Army chief Prayuth Chan-ocha warned against establishing red shirt villages in the far South, but key government figures have shrugged off his reservations.
Gen Prayuth said yesterday that people had to be careful of the unrest in the region, He said building these villages would increase the violence there.
On May 5, the red-shirt United Front for Democracy Against Dictatorship (UDD) held a ceremony to open 14 red shirt villages in Cho Airong district of Narathiwat province.
In Songkhla province, a red shirt village was opened in Chana district on Monday. One day later the main pavilion of the village was burned down.
The UDD has opened around 20,000 red shirt villages, mostly in northeastern and northern provinces, and is looking to replicate its success in the South.
Chavanond Intarakomalyasut, spokesman for the opposition Democrat Party whose MPs dominate the southern region, denied his party was behind the act of arson in the Chana village.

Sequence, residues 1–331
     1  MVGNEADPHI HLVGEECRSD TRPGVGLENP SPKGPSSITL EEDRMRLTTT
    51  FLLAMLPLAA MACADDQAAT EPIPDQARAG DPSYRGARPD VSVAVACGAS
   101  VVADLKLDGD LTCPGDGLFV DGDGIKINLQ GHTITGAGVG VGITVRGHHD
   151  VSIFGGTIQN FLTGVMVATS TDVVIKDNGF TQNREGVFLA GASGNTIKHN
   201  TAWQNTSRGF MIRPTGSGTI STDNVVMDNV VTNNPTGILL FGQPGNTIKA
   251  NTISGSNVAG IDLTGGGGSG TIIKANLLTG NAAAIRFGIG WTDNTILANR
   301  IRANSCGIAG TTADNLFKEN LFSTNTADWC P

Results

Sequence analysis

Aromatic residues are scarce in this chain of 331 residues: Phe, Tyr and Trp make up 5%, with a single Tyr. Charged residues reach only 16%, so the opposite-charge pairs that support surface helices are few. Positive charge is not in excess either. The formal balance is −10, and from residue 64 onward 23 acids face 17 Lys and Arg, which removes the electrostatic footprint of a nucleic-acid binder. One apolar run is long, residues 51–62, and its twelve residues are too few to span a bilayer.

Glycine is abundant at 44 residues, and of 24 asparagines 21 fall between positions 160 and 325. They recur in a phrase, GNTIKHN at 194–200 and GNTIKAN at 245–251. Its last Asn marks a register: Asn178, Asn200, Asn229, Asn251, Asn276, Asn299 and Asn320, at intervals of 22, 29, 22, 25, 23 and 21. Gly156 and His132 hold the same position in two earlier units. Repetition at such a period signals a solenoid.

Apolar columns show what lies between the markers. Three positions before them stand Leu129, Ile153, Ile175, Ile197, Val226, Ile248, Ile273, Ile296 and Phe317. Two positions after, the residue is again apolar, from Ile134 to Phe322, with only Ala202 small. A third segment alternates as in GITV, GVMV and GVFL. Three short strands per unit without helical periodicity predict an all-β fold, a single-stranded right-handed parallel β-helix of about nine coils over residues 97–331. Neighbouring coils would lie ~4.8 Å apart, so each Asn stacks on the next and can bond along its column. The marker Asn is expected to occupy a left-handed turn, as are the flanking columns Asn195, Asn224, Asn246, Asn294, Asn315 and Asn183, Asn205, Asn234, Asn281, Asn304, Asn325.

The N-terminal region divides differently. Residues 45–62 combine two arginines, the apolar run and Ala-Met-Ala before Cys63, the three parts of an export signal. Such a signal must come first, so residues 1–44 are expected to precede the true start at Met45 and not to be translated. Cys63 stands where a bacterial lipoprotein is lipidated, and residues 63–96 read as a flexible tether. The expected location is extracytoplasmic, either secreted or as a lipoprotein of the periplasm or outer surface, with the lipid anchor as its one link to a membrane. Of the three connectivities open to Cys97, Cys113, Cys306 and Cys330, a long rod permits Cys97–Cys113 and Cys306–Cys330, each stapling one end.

Deputy Prime Minister and Interior Minister Yongyuth Wichaidit said red shirt villages were founded to protect the nation, religion, the monarchy, the constitution and democracy.
He denied the government was behind the red shirt villages, or financially supports them.
Korkaew Pikulthong, a red shirt co-leader and party-list MP of the ruling Pheu Thai Party, said the UDD would promote red shirt villages to fight against coups and the drugs trade.
He also denied that government coffers funded red shirt activities.
Mr Korkaew accused a politician in Songkhla of plotting the burning of the pavilion, and demanded an end to attempts to create disunity in the country.
Gen Prayuth said Thais had yet to learn what real democracy was, and might have to go through some pain before learning their lesson.
The army chief said the situation would improve if people made the national interest a priority.
Meanwhile, the mother of nurse Kamolkate Akkahad _ who was shot dead in Bangkok during clashes between red shirts and security forces on May 19, 2010 _ has complained at Government House about delays in compensation payments to victims of the political unrest.
Sompas Nilpan, public service director of the permanent secretary at the PM’s Office, said 529 people will receive the first round of compensation on May 24.